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REVIEW ARTICLE
Year : 2016  |  Volume : 21  |  Issue : 1  |  Page : 126

Gastrointestinal dysfunction in idiopathic Parkinsonism: A narrative review


1 Department of Neurology, School of Medicine, Isfahan University of Medical Sciences; Isfahan Neurosciences Research Center, Alzahra Research Institute, Isfahan University of Medical Sciences, Isfahan, Iran
2 Isfahan Neurosciences Research Center, Alzahra Research Institute, Isfahan University of Medical Sciences, Isfahan, Iran
3 Isfahan Neurosciences Research Center, Alzahra Research Institute, Isfahan University of Medical Sciences; Medical Student Research Committee, Isfahan University of Medical Sciences, Isfahan, Iran

Correspondence Address:
Omid Mirmosayyeb
Isfahan Neurosciences Research Center, Alzahra Research Institute, Medical Student Research Committee, Isfahan University of Medical Sciences, Isfahan
Iran
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Source of Support: None, Conflict of Interest: None


DOI: 10.4103/1735-1995.196608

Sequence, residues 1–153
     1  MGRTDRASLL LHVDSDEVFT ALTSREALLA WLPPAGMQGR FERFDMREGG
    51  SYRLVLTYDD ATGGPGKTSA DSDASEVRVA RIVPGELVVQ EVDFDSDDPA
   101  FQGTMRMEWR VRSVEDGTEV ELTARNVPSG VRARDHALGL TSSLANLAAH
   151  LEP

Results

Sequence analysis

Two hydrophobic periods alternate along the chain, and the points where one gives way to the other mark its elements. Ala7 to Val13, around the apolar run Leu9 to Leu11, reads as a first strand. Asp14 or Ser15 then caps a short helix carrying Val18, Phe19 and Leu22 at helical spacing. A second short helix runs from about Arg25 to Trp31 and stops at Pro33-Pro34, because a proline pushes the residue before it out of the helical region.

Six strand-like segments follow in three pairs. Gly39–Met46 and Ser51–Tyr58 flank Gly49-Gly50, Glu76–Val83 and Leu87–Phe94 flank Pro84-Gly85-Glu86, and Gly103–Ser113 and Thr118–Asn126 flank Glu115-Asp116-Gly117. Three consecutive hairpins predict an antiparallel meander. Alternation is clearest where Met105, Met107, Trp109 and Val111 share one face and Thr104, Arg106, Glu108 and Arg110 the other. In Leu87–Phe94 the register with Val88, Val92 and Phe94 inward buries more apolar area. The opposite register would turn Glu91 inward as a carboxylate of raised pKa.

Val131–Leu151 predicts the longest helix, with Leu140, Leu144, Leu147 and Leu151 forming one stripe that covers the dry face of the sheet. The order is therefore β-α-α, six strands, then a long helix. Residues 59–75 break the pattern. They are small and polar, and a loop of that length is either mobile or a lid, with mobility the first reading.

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Currently, gastrointestinal (GI) dysfunctions in Parkinson's disease (PD) are well-recognized problems and are known to be the initial symptoms in the pathological process that eventually results in PD. Many types of PD-associated GI dysfunctions have been identified, including weight loss, nausea, hypersalivation, dysphagia, dyspepsia, abdominal pain, intestinal pseudo-obstruction, constipation, defecatory dysfunction, and small intestinal bacterial overgrowth. These symptoms can influence on other PD symptoms and are the second most significant predictor of the quality of life of these patients. Recognition of GI symptoms requires vigilance on the part of clinicians. Health-care providers should routinely ask direct questions about GI symptoms during office visits so that efforts can be directed at appropriate management of these distressing manifestations. Multiple system atrophy (MSA) and progressive supranuclear palsy are two forms of neurodegenerative Parkinsonism. Symptoms of autonomic dysfunctions such as GI dysfunction are common in patients with parkinsonian disorders. Despite recent progress in the recognition of GI dysfunctions, there are a few reviews on the management of GI dysfunction and GI symptoms in idiopathic Parkinsonism. In this review, the clinical presentation, pathophysiology, and treatment of each GI symptom in PD, MSA, and prostate-specific antigen will be discussed.


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